While visiting the new My Food Park HTX last week, I made it a point to grab lunch from two food trucks I'd never eaten at before. Speers Rolling Bistro was one of those two, and although I'd always seen its updates on Twitter I'd never gotten around to visiting. My mistake. My monumental mistake.
In theory, I like Cuban sandwiches. I like the idea of a fancy double ham-and-cheese sandwich, with the roasted pork paired up against sweet ham and melting Swiss cheese under a length of soft, thin bread. I like the idea of sticking crunchy dill pickles and coarse, spicy mustard in there too. It all sounds delicious in theory.
But the Cuban sandwiches I've had nearly everywhere in Houston suffer a variety of ailments: the wrong bread—usually too thick—is used, or there's awful French's yellow mustard swiped in there, or there's one lone pickle hiding out somewhere. However, the biggest problem is usually the roasted pork: dry, tough, and scabby.
So it was with great trepidation that I ordered a Cuban sandwich from Speers last week. Chef and owner Shawn Speers sold me on the pork first: slow-roasted Kurobuta Berkshire, cooked in a marinade for up to 12 hours. And I spied something interesting on the menu: in addition to the regular accoutrements, Speers also added orange-chile aioli and caramelized onions to its Cuban. Even if the pork was dry, I reasoned, those two ingredients sounded good enough to rescue the rest of the sandwich. I added a side of garlic fries to my order and hung back with baited breath.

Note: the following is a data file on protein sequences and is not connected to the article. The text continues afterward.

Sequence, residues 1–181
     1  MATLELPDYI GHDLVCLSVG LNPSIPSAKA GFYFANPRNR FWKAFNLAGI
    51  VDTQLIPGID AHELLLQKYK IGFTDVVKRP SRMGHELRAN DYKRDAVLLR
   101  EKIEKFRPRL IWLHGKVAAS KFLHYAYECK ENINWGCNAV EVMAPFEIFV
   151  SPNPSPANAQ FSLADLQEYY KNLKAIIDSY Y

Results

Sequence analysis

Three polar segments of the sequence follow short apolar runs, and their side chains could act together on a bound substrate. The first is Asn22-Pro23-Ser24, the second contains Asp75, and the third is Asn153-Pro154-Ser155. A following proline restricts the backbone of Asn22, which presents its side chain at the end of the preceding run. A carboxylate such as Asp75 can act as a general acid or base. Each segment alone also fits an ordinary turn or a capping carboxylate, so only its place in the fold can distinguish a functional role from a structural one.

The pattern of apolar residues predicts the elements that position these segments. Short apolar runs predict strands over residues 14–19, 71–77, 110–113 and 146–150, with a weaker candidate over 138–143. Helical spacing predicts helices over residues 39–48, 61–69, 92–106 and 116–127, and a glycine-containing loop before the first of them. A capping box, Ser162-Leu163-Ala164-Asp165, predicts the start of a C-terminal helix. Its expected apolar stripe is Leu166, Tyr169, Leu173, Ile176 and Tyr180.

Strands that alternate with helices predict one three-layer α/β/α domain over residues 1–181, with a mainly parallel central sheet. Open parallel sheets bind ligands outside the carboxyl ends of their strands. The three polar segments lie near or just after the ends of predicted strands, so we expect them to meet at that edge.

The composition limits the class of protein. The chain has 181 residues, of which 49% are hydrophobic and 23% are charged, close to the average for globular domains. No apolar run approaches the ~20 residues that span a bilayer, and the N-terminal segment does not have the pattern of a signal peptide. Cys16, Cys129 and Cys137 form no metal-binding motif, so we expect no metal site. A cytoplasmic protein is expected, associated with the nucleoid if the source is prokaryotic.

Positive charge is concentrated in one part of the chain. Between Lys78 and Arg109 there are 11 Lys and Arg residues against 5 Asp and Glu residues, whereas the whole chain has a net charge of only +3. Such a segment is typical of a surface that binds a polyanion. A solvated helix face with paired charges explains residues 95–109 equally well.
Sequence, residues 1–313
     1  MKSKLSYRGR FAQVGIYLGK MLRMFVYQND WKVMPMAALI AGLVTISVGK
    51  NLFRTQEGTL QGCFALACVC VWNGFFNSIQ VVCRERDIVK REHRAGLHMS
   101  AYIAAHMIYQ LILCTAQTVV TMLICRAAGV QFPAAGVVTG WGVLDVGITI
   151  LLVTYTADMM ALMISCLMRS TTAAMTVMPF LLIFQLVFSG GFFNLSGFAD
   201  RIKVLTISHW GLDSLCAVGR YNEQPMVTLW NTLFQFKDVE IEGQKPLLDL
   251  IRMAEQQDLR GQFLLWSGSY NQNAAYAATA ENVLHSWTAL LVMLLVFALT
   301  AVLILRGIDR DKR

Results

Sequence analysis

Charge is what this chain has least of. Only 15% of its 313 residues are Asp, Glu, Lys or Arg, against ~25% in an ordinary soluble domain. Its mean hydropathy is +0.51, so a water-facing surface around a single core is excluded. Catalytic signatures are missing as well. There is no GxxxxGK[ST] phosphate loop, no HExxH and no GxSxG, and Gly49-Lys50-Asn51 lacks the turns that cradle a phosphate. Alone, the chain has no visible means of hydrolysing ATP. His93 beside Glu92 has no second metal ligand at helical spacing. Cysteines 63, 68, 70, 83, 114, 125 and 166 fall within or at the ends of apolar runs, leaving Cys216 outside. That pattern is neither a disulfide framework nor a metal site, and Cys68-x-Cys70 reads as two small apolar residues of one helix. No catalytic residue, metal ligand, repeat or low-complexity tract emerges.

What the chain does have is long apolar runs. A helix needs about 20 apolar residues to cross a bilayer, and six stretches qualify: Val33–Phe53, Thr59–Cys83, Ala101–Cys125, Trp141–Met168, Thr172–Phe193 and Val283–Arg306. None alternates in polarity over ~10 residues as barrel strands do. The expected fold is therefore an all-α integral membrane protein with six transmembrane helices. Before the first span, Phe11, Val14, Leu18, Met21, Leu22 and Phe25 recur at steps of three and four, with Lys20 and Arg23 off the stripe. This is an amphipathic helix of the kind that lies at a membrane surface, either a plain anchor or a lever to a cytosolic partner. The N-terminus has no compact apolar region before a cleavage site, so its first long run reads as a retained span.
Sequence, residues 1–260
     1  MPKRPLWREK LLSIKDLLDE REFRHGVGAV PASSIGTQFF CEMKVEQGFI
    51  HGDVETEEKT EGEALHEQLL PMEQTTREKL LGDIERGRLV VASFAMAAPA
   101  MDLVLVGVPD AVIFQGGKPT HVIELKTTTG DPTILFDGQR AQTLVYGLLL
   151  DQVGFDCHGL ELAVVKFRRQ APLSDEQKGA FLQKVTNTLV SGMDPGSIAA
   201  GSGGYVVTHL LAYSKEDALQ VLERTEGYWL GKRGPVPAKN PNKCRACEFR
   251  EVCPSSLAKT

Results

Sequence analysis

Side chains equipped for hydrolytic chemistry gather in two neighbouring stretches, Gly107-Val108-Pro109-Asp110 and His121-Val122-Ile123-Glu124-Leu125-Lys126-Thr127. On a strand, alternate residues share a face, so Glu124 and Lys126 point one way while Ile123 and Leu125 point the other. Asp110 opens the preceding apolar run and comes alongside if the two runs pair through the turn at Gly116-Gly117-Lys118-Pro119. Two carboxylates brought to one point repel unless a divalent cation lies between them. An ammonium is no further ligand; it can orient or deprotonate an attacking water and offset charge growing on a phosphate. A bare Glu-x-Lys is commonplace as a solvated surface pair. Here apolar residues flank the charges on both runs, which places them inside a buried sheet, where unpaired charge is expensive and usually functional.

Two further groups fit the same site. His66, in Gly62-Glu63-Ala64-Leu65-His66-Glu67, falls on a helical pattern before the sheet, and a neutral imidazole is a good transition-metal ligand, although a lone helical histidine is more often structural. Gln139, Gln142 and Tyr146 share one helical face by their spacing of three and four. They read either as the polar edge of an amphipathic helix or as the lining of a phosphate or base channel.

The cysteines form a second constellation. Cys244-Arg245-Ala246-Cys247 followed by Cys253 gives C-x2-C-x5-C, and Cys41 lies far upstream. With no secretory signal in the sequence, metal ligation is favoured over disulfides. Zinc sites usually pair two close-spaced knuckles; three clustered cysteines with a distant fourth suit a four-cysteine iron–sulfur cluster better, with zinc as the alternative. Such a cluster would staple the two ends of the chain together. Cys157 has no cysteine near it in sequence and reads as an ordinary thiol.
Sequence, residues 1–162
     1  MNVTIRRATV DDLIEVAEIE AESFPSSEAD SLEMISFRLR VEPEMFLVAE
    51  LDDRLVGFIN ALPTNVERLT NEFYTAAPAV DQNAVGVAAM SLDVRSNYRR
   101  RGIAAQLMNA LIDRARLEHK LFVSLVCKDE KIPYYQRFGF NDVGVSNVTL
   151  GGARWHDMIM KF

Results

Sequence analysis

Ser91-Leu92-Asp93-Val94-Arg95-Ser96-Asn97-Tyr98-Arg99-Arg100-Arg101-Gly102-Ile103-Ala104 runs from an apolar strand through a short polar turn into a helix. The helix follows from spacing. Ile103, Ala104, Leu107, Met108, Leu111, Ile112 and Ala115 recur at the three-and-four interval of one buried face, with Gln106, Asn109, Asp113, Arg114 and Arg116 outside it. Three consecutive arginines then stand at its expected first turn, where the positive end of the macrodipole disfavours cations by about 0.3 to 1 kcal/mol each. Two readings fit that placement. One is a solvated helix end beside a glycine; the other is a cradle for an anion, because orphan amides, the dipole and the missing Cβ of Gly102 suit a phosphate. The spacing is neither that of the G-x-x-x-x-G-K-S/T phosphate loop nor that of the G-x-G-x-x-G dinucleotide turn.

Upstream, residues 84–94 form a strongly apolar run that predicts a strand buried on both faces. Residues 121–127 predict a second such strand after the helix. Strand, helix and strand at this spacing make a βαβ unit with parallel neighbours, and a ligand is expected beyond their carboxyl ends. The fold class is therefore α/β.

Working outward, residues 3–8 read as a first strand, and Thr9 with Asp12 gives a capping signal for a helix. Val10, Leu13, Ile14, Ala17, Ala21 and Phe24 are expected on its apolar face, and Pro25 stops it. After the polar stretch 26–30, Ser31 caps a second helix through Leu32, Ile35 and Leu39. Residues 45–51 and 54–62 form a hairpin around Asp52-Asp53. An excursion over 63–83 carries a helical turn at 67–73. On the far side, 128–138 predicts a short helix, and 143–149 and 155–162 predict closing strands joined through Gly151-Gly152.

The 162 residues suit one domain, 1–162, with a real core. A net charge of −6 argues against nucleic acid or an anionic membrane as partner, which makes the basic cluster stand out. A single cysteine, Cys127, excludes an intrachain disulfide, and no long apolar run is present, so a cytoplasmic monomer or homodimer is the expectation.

I shouldn't have been worried; the sandwich blew me away. The orange-chile aioli added the perfect little spark of bright citrus and heat to the thick cushions of roasted pork that filled out the sandwich, its sweetness coaxed out even further by the caramel notes of those slow-cooked onions. And where a normal Cuban only gets a subtle layer of creaminess from a slice or two of Swiss, the sandwich from Speers was rich all the way through thanks to that aioli, the softened onions, that incredibly tender pork and—of course—ample Swiss cheese. A little dill pickle relish and some nicely toasted Cuban bread gave it all the crunch it needed. I've had and hated plenty of Cuban sandwiches in Houston; it was such a surprise and a pleasure to finally encounter one that wasn't just good but truly great.
The crispy fries, too, were ideal on the side. The amount of fresh garlic on the hand-cut fries was electrifying; I knew I'd be sweating it out of my pores for days, yet kept gladly digging in until the entire olive oil-drizzled mess was gone. And I found out along the way that it's not just orange-chile aioli Speers does well; the fruit-spiked ketchup served with its fries reminds me of the homemade ketchup at Bernie's Burger Bus, but better. As if I'm not spoiled enough by the ability to buy both Bernie's ketchup and Whataburger's spicy ketchup in stores, I'll be lobbying for Speers to release its recipe now too.
You can follow Speers Rolling Bistro on Twitter to keep track of the truck's schedule, or check its website for an entire month's schedule in advance. Thanks to all the new food truck parks that keep popping up, there's a good chance Speers is rolling your way soon.